fast. When they asked her what she was doing and where she was going, she
said, "I am going to light a fire in the Garden and pour water onto it so
that both these veils may disappear from the seekers, and that their
purpose may be sure, and that the slaves of Allah may see Him, without any
object of hope or motive of fear. What if the Hope for the Garden and the
Fear of the Fire did not exist? Not one would worship his Lord, nor obey
Him. But He is worthy of worship without any immediate motive or need."

And she said:

" I love You with two loves-a selfish love
And a Love that You are worthy of.
As for the selfish love, it is that I think of You,
To the exclusion of everything else.
And as for the Love that You are worthy of,
Ah! That I no longer see any creature, but I see only You!
There is no praise for me in either of these loves,
But the praise in both is for You."

Here Rabi`a was referring to the Love which is of the complete integrity,
steadfastness and patience, which is for nothing but the Face of Allah Who
is the only true Beloved. It is the worship of the heart which only
witnesses the perfect Union of the Beloved and the Lover.
It was said that Rabi`a was the first person to teach about the necessity
for truthfulness and sincerity in the lover's bondsmanship to the Beloved
Who is Allah. She was one of those referred to as the spies of the heart
for she often spoke out clearly against all who claimed to be lovers of
Allah, but whose hearts were not always pure in intention and devotion.
This was the case of those who could not unquestioningly surrender to the
Will of the Beloved in everything. She said to them, "You rebel against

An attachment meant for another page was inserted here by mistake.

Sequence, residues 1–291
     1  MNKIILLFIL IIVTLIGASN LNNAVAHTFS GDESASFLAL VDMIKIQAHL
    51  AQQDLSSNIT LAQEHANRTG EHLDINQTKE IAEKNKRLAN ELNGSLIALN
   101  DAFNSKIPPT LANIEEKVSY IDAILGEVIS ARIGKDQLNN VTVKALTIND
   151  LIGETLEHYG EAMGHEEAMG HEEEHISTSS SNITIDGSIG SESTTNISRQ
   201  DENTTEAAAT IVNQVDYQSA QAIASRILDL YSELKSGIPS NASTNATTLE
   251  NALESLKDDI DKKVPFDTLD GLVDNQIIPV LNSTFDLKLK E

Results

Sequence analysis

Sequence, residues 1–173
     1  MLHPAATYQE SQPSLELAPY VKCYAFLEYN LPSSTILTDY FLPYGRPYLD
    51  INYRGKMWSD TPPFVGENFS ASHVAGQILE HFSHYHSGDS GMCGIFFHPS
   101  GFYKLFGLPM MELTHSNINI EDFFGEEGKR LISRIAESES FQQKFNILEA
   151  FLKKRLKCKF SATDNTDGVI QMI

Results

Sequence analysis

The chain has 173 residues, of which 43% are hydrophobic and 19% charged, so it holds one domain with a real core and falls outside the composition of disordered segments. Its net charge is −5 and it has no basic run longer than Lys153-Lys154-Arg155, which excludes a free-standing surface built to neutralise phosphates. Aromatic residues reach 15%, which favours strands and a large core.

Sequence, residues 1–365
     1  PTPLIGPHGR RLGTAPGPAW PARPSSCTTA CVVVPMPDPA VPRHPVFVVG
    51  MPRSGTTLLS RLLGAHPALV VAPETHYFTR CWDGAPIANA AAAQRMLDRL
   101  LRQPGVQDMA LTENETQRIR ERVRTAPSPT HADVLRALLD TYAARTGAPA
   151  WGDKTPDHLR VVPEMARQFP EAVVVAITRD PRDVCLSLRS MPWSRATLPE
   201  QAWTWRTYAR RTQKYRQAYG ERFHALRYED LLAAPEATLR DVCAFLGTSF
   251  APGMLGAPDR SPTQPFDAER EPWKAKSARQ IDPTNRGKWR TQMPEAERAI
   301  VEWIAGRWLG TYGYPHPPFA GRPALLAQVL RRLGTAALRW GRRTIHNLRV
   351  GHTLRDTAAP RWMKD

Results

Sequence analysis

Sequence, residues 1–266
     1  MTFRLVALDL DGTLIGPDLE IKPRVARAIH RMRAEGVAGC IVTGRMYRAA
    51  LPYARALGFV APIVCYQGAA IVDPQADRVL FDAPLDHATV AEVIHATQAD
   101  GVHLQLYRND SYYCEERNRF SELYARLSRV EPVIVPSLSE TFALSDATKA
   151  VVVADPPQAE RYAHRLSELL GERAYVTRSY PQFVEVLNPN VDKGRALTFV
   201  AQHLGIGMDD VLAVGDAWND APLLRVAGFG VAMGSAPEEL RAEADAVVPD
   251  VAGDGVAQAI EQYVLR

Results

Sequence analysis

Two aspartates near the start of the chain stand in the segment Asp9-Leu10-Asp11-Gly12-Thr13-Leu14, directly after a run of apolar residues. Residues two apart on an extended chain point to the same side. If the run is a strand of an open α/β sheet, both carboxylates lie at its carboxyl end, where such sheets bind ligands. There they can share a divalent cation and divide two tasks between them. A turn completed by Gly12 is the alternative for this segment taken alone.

Allah, yet you appear to love Him. I swear by my faith that this is most
strange. For if your love were truthful you would have obeyed Him, since
the lover obeys the one whom he loves." So that whenever someone said to
her, "Alas, for my sorrow (my sins)," she replied, "Do not lie, but say
rather, 'Alas for my lack of sorrow,' for if you were truly sorrowful, life
would have no delight for you."
One of her companions, Sufyan al-Thawri, asked her, "What is the best thing
for the servant to do who desires proximity to his Lord?" She said, "That
the servant should possess nothing in this world for the Next, save Him."
Rabi`a, may Allah preserve her secret, never had any doubts about her
Beloved being present or absent, because she was not concerned only to have
His good pleasure and bounties. She lived for a Love which does not seek
for any answer, reward or reciprocity. It was related how one day one of
her followers said in her presence, "Oh Allah, may You be satisfied with
us!" Whereupon Rabi`a said, "Are you not ashamed before Him to ask Him to
be satisfied with you, when you are not satisfied with Him?" By this she
meant that first we must be truly satisfied with Allah, Most High, before
we can ask Him to be satisfied with us.
Then this was followed by the question to her, "When then is the servant